The man who took skiffle to the world half a century ago, Sir Paul McCartney, is 'getting a little help from his friends' HP to put his entire oeuvre into an accessible online archive, it has been announced.
The archive will digitise McCartney's large collection of cover artwork, photographs, paintings, film and videos, as well as masters of songs from his Beatles and Wings days, and beyond.
HP's role will be to run the technology that makes all this possible, from transferring physical entities into a high-definition digital form, built atop a 'private cloud' for McCartney's company MPL, served from a data centre.
"Paul McCartney has always been a trendsetter in the music industry and HP has been at the forefront of technology innovation," said HP sales and marketing person, Tom Hogan, in a valiant piece of spin where none was probably needed.
Perhaps the archive will help researchers answer one of the great mysteries of popular music: how did a group of ordinary 15 year-old boys from humble Liverpool row-homes manage in under a decade to go from performing helter-skelter rock-and-roll at church fetes to writing a series of deeply avant-garde albums that changed the whole of modern music culture?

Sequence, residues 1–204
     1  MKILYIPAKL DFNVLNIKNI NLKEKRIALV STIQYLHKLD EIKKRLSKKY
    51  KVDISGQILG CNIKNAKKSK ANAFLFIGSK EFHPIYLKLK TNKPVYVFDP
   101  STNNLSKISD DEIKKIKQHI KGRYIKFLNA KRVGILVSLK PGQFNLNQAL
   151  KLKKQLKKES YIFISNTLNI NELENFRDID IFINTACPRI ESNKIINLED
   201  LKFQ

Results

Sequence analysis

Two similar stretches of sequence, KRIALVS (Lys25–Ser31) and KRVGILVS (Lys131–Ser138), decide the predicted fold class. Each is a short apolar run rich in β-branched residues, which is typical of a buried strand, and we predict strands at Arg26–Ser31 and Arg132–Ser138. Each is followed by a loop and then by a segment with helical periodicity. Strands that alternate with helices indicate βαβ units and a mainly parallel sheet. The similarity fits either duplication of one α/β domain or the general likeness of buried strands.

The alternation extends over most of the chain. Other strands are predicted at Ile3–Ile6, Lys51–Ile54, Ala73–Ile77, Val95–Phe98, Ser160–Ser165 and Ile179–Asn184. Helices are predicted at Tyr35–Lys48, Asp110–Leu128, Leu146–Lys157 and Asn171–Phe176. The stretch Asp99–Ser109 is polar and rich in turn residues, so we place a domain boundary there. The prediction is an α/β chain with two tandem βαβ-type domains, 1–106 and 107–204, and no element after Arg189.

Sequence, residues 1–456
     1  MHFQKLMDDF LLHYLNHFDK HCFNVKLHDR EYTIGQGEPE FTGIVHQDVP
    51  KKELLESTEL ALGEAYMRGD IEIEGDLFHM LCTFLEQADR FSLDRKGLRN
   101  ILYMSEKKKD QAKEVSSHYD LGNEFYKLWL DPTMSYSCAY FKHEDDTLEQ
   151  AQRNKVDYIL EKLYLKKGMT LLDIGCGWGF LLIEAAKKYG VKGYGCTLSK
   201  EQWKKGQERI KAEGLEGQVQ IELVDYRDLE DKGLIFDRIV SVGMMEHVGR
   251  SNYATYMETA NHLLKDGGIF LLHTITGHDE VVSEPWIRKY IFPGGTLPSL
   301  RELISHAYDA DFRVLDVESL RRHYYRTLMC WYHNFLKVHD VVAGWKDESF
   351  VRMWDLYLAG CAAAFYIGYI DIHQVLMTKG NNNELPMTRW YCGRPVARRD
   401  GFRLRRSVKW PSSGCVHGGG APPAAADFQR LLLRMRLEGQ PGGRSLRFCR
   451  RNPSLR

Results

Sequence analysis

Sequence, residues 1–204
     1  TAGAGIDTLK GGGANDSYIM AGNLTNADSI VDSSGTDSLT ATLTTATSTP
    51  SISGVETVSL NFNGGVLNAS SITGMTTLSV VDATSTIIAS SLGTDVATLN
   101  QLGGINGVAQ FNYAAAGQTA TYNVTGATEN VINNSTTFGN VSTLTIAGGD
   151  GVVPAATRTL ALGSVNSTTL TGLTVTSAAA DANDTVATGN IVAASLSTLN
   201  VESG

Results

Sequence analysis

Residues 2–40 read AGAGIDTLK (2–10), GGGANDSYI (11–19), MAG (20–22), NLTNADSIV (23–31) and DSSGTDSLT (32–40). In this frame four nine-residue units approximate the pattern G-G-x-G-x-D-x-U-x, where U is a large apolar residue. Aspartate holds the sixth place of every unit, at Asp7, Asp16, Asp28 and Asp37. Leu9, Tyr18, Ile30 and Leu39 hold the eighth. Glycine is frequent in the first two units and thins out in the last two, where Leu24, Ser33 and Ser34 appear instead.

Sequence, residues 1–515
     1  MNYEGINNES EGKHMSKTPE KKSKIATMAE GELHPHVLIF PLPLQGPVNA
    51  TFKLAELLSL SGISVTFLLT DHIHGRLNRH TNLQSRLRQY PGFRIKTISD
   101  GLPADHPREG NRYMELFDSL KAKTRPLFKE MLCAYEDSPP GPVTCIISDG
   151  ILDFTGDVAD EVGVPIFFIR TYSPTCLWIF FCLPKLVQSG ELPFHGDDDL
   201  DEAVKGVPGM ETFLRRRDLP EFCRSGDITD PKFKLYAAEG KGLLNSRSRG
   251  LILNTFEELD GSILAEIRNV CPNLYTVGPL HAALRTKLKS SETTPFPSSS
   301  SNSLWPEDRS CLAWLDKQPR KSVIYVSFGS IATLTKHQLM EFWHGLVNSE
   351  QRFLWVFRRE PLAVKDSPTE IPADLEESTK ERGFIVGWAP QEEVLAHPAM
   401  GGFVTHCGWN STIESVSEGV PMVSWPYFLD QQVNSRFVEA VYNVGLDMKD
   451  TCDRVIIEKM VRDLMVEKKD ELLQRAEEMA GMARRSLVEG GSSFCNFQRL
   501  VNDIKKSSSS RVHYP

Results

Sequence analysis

Culturally, it was if the Wright Brothers had gone on to invent the jet engine in 1915.
No mention has been made of how fans will access the archive, but being run through McCartney's own commercial wing, it is likely to cost hard cash.
Putting his archive online does mean that McCartney's legacy will at last be available back in the USSR. What would Nikita Kruschev and John Lennon have said?
Entirely coincidentally, McCartney's most famous solo album, 1973's Band on the Run, is being reissued. Less coincidentally, Apple Records has reportedly recently blocked comedian Harry Hill from naming his next album in homage to Sgt Pepper's Lonely Heart's Club Band.